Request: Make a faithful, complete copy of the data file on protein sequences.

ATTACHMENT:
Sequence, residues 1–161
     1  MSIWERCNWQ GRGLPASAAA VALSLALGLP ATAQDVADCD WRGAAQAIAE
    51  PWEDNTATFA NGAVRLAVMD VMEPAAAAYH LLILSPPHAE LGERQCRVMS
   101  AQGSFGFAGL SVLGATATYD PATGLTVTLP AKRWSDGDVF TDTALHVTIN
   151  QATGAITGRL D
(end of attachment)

Sequence, residues 1–161
     1  MSIWERCNWQ GRGLPASAAA VALSLALGLP ATAQDVADCD WRGAAQAIAE
    51  PWEDNTATFA NGAVRLAVMD VMEPAAAAYH LLILSPPHAE LGERQCRVMS
   101  AQGSFGFAGL SVLGATATYD PATGLTVTLP AKRWSDGDVF TDTALHVTIN
   151  QATGAITGRL D